I really like the premise of multiple characters driven to steal one object from their asshole boss, but again, it can't carry the whole film. I think if you can get on-board with some really solid human-like dialogue, and some really solid textured acting such as Levene being a scared old man with a dying daughter, while also having to put on the face of a stone cold salesman, then this movie is interesting. I just couldn't get on-board with it on the whole.

    I hate when I watch a classic film for the first time and I don't appreciate it the same way others do. With all that said, its just my opinion and it takes nothing away from its classic status.

    6.5/10



  • @ezekiel

    Classical isn't completely dead though. Lots of movies have traditional 2D animation or at least scenes that are classical based on the needs to the script. Hell, even some 2D primetime comedy shows have cutaway scenes with lots of classical animation. Its just hard to tell because they blend it together so well with the rest of it. I personally like the old classical Disney animated films a lot more than the CG ones, but it exists in other places than just Disney.



  • @dipset said in Last movie you watched:

    @ezekiel

    Classical isn't completely dead though. Lots of movies have traditional 2D animation or at least scenes that are classical based on the needs to the script. Hell, even some 2D primetime comedy shows have cutaway scenes with lots of classical animation. Its just hard to tell because they blend it together so well with the rest of it. I personally like the old classical Disney animated films a lot more than the CG ones, but it exists in other places than just Disney.

    No, it's pretty much dead outside Asia. You only see it on TV and in DC animated features now. A few cutaways in live action do not make an exception. None of the major studios care anymore. But I don't care about their CG movies anymore either. I haven't watched one in such a long time. The last was probably Moana on Netflix, which John Musker and Ron Clements, I read, really wanted to do as a traditional animation. John Lasseter forced them to make it CG. I'm not going to support Disney's decision. I might never watch another CG animation, unless invited to one.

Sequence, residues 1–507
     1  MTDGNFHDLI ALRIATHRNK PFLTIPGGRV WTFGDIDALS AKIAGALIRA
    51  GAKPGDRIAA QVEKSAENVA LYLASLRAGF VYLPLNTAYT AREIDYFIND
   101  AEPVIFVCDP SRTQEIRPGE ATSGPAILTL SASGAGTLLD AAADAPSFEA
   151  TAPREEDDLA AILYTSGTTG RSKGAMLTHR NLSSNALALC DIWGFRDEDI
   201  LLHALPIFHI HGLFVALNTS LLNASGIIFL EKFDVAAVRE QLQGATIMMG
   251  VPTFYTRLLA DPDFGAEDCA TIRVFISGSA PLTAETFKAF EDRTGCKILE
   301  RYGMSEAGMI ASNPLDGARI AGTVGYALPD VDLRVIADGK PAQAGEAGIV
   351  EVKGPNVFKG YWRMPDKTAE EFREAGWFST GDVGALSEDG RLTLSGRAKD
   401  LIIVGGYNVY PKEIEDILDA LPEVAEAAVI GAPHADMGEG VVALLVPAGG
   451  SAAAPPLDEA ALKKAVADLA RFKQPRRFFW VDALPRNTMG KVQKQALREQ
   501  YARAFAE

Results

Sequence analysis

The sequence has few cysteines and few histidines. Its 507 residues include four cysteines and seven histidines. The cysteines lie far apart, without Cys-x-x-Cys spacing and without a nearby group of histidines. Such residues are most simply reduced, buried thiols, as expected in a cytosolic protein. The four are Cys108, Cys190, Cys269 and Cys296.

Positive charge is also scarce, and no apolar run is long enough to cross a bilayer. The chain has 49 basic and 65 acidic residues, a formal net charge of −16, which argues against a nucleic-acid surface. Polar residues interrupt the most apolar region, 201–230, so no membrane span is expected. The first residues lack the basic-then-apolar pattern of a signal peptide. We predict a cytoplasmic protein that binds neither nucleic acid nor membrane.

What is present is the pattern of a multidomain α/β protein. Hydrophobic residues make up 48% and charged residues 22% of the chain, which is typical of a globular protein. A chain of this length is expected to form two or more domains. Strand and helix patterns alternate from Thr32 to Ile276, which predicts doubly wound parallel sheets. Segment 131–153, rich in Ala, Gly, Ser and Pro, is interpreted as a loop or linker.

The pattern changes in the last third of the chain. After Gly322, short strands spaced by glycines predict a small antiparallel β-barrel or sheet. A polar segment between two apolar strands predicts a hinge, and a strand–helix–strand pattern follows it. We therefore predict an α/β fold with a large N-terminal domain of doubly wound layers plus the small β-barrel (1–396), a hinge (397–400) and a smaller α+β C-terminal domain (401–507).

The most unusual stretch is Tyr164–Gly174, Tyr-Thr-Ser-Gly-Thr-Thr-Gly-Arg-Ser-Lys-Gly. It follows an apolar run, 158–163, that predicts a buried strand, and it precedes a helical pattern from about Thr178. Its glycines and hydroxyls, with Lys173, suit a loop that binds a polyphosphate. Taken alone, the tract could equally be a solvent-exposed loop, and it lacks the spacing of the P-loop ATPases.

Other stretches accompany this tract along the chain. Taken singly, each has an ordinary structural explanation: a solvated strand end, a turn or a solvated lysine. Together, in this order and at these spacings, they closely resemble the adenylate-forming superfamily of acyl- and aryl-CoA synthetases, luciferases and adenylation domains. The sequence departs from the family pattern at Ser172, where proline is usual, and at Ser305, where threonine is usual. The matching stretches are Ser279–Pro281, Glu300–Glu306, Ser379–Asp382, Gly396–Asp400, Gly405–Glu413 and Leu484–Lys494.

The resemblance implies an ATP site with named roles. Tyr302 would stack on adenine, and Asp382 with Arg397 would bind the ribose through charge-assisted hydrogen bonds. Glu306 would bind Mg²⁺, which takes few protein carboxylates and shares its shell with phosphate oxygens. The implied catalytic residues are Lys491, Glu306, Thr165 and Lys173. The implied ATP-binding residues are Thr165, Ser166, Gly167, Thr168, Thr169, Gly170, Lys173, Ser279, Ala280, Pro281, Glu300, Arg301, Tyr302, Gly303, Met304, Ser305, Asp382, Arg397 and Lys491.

Anyway...

    I watched Last Tango in Paris yesterday. I had seen it once before on DVD, which was a poor release. This looked far better.

    I don't think I've ever gotten so many Blu-ray releases in a week.

    alt text

    My sixty-something year old Iranian co-worker has been wanting me to watch Papillon for like eight months. I wanted to. I've just hesitated so long because of the price and it not being on Netflix DVD.

    Friday, I watched Conan the Barbarian. I expected a cheesy B-movie, but what I got was a weird, rousing adventure epic. It was pretty good. Very visual. Not much dialogue. Arnold was perfect for this role. 4/5.



  • @ezekiel said in Last movie you watched:

    Friday, I watched Conan the Barbarian. I expected a cheesy B-movie, but what I got was a weird, rousing adventure epic. It was pretty good. Very visual. Not much dialogue. Arnold was perfect for this role. 4/5.

    And that Basil Poledouris score!
    Youtube Video

    Not even NOMINATED for the Oscar that year. Which was something of a crime.



  • @ezekiel

    Fair. I generally don't even go to the movies at all anymore because I usually don't like anything I end up seeing, even if its been critically praised. So I run the risk of missing out on things I might end up loving for the certainty that I haven't wasted my time or money.

    Sounds like you are doing the same thing with CG movies. I heard Big Hero 6 is really great and same with How To Train Your Dragon but I haven't seen either to confirm.